• American Camp parade ground looking west

    San Juan Island

    National Historical Park Washington

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  • English Camp Visitor Contact Station on Winter Schedule

    The English Camp visitor contact station in the Royal Marine Barracks is closed for the season, starting September 2. Grounds are open daily from dawn to 11 p.m.

  • American Camp Visitor Center on Winter Schedule

    The American Camp visitor center is open 8:30 a.m. to 5 p.m. daily from September 2 to June 6, 2015. Grounds remain open daily from dawn to 11 p.m. Telephone 360-378-2240, ext. 2227 or 2226 for information. More »


The Pacific chorus frog is tiny, but has a mighty croak after dark.
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Pacific Chorus Frog

Begin listening for the throaty, two-syllable croak of the Pacific chorus frog in early spring, when the males call to attract females. Even though they’re small—only one to two inches long—their voices are mighty and carry across the marshes and wetlands.

These frogs have shiny, smooth skin and long back legs, and coloration varies, depending on the background. They can be fluorescent lime green, brown, tan, or grey, and can change color to blend in with their surroundings. This is critical, because they have many predators, from snakes to raccoons to owls.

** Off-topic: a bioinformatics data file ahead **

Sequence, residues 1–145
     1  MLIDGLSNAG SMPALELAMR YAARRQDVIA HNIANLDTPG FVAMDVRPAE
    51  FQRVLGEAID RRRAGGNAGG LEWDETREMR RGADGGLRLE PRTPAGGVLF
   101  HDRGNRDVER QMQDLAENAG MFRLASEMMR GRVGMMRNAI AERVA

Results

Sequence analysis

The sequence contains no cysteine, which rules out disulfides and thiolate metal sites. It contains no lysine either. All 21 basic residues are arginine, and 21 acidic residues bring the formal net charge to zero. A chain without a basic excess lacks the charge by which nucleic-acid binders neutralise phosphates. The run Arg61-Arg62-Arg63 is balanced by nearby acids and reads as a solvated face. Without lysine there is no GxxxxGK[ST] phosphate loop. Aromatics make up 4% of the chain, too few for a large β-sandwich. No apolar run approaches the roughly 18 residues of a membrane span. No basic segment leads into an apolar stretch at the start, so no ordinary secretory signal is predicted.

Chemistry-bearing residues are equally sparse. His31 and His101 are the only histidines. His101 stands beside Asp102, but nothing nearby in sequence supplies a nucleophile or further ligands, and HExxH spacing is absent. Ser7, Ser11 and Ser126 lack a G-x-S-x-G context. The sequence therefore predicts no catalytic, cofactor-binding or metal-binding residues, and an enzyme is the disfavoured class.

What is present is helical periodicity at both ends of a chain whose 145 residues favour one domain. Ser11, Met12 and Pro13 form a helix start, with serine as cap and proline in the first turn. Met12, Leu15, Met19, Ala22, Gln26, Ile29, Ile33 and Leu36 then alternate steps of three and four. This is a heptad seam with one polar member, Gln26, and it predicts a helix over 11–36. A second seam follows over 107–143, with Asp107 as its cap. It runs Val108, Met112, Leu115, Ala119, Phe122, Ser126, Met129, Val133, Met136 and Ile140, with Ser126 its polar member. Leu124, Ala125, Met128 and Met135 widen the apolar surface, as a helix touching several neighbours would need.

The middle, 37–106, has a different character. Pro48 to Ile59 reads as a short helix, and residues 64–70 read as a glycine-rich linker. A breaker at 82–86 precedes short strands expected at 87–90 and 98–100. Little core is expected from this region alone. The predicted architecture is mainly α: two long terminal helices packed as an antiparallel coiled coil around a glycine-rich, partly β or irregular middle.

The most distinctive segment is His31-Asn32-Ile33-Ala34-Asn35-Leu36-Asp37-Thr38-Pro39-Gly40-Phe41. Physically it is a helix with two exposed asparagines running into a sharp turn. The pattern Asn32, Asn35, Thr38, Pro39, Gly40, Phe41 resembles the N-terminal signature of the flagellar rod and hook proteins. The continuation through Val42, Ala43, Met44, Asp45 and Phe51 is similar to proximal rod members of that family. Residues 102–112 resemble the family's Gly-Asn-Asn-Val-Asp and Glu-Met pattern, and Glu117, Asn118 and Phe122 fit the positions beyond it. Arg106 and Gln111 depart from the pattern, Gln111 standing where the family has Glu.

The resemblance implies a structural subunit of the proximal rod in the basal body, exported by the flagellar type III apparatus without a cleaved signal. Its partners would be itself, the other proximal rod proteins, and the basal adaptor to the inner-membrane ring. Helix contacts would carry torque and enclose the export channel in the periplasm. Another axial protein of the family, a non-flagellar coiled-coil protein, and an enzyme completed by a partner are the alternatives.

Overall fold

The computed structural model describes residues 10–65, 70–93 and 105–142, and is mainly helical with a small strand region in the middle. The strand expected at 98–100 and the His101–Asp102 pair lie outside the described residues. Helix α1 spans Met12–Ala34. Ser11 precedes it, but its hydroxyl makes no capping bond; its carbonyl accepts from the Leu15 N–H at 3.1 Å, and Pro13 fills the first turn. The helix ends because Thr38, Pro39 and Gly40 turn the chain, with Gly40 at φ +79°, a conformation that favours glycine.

Mostly nocturnal, you’ll have to look closely during the day. They are usually found close to the ground, camoflauged in grasses and shrubs. But look high as well as low: they often climb stalks of grasses and reeds on their sticky toe pads in search of prey. How do they snag mosquitoes, spiders, beetles, and other insects? With a flick of their sticky tongues.

Spring is when you’ll see tiny clusters of eggs—clear with dark specks—on sticks and grasses in shallow water. In late summer or early fall, you may even see groups of tadpoles hopping across roads to the forests on newly sprouted legs. In winter, they hibernate in warm places such as piles of leaves, logs, and mud.


Did You Know?

Did You Know?

The English Camp barracks was originally used as the privates' mess until extended in 1867. During the restoration process in the early 1970's a pot of gold coins and currency was found in the attic. The treasure belonged to the Crook family, who settled on the site in 1875.